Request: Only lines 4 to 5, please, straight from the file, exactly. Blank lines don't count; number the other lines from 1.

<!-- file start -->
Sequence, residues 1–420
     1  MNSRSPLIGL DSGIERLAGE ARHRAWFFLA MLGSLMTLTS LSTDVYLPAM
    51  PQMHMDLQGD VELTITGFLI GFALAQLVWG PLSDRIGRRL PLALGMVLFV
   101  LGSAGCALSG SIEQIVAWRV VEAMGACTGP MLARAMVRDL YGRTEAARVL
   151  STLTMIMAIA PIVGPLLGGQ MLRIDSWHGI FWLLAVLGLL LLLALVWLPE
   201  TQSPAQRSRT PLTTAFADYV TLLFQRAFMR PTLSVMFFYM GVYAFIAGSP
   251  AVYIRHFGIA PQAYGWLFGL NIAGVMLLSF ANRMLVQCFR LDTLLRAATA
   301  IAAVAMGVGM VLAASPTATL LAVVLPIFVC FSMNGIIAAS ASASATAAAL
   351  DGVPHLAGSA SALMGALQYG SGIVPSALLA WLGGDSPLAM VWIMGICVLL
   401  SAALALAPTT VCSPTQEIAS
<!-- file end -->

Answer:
   101  LGSAGCALSG SIEQIVAWRV VEAMGACTGP MLARAMVRDL YGRTEAARVL
   151  STLTMIMAIA PIVGPLLGGQ MLRIDSWHGI FWLLAVLGLL LLLALVWLPE